Overall, Divergent gives the rest of the year a very strong target to try to hit for worst picture of the year. The acting holds its own, but nothing else in the film is worthwhile, and that’s without even dinging it for any of the problems I have with its seeming vision of neurology or future technology (and those are legion). It’s a terrible film, the type of film that shouldn’t be made.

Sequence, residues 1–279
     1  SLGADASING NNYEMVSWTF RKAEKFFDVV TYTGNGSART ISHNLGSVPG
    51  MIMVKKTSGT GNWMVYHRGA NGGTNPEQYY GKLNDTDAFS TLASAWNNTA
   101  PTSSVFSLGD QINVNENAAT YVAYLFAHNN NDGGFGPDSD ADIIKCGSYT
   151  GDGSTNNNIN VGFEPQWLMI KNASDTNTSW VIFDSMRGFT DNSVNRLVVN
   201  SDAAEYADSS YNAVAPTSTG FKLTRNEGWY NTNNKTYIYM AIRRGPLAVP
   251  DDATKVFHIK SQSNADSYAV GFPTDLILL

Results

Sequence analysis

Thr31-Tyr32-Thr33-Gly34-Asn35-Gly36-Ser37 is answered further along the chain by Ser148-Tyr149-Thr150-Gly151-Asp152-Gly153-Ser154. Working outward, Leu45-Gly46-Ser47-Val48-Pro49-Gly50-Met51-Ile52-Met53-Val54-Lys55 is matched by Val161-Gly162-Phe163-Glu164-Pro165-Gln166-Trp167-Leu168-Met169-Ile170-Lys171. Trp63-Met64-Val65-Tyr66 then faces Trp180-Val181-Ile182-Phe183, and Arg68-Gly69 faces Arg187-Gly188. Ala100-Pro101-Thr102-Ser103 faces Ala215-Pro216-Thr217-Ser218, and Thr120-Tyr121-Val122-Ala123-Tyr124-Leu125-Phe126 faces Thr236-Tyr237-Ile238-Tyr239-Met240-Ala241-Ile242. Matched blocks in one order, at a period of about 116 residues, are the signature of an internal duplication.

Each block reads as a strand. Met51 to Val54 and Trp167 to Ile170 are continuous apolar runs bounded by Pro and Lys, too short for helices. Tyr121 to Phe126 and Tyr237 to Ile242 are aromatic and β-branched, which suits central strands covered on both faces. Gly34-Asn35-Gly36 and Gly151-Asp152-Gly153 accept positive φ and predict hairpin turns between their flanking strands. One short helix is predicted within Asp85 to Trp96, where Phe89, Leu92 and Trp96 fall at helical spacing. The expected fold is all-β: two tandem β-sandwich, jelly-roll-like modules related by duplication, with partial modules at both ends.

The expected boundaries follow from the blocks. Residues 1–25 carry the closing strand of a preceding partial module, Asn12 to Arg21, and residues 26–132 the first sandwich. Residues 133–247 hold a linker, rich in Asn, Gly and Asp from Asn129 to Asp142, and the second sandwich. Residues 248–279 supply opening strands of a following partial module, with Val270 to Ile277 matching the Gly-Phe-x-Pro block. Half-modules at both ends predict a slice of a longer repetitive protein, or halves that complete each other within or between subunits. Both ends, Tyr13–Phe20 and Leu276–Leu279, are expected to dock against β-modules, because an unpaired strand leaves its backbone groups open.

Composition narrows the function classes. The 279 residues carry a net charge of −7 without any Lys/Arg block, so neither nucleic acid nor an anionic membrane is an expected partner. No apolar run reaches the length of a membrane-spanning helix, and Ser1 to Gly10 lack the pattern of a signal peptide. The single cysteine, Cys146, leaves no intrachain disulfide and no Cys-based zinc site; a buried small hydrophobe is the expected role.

*Kate Winslet is amazing. Her very first performance in Heavenly Creatures (Peter Jackson, New Zealand/Germany 1994) has rarely been matched, and she gave it at 19. And then, two years later, she became the definitive filmic version of Ophelia in Hamlet (Kenneth Branagh, UK/USA 1996). She’s never dropped off since, producing one astounding performance after another. She has been nominated for six Academy Awards and won one, and that’s severely under-rating her. She might well be the best actor alive and is one of the best film actors in history. This part of the review is the one part that contains no snark and no exaggeration—I really do think she is that good.